Evil is as Evil does?

 It is man’s own mind, not his enemy or foe, that lures him to evil ways – Buddha.

A new subject I never gave much thought to before. I’m now however of the opinion that human beings are not evil, but that they are capable of evil doing. Sounds easy so far. Some externalize evil as a force or universal mechanism that influences us because primarily God has forsaken his shadow – and that Christ is God’s shadow. OK. Not so easy then, but that was Carl Jung anyway.

Christianity bases the concept of good and evil classically on that of Thomas Aquinas – or the absence of good. Machiavelli proposed that all acts that are intended for the protection of the state are not necessarily evil – even if they involve the cancellation of your enemies. For the most part, various psychological theories evidence the lack of good as conditioning, or abnormalities in the brain or personality – depending on which of the usual theories you subscribe to.

One of my more favourite ideas on evil was proposed by Spinoza. As a mathematical derivative Spinoza stated: 1. By good, I understand that which we certainly know is useful to us. 2. By evil, on the contrary I understand that which we certainly know hinders us from possessing anything that is good.

As someone who believed evil to be a separate characteristic, evil was hard to find and more of a mythical experience – a quality that one could only attribute through say the lens of religion. For me there was either good or bad; simple enough thinking, but that put to question actions such as murder or rape. Some believe the word rape is by definition evil, that things like slavery are evil while others are relativists. I know, hard to think that way with rape. But remember the experiment in which a subject is given control over the amount of electrical charge an individual receives – whom they cannot see, can’t identify with other than to be told the person is deserving? A lot of supposedly good people were tricked into accepting or giving up control to others and committing an evil act of electrocution and suffering.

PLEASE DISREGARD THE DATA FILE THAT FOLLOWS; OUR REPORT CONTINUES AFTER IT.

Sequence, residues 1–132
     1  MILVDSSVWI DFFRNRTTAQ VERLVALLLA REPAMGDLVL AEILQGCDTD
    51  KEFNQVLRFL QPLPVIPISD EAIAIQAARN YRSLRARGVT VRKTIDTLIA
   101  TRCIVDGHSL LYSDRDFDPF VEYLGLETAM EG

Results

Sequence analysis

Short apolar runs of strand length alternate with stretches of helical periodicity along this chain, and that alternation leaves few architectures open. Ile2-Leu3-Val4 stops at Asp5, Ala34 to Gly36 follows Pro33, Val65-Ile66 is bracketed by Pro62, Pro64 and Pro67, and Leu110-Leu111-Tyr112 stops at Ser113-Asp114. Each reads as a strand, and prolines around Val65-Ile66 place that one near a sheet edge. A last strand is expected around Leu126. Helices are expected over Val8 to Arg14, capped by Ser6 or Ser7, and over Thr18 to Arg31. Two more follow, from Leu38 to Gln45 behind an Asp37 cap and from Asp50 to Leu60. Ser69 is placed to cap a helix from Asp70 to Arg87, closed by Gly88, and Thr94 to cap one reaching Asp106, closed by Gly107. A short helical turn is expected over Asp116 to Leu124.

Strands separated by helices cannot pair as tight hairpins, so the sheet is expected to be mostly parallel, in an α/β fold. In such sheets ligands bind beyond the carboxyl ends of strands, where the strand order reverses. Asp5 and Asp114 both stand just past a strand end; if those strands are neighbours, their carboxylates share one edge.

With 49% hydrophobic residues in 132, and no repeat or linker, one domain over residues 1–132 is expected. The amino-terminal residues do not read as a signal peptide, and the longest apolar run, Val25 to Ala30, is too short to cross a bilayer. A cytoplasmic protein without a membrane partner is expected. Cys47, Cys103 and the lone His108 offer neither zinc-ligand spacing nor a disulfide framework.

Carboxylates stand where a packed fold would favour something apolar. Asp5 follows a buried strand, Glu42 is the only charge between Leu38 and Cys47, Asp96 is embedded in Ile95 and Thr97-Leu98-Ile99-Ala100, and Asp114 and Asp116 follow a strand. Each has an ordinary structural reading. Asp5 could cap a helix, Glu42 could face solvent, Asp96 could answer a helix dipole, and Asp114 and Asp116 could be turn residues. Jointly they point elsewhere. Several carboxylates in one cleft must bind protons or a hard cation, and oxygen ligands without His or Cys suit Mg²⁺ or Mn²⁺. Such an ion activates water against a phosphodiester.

But what are we really getting at here? What does evil have to do with my day? Does the 8 year old who took the chocolate bar become evil? Do they have the moral certitude to know the absence of good? At what age does this come about. Can we put a teenager on death row – and is death row evil? I think it is. How much does impulsivity or poor decision making take us down the road of evil doing? Does the interplay of reason and conscience delude us into believing we are good people, or are we all evil?

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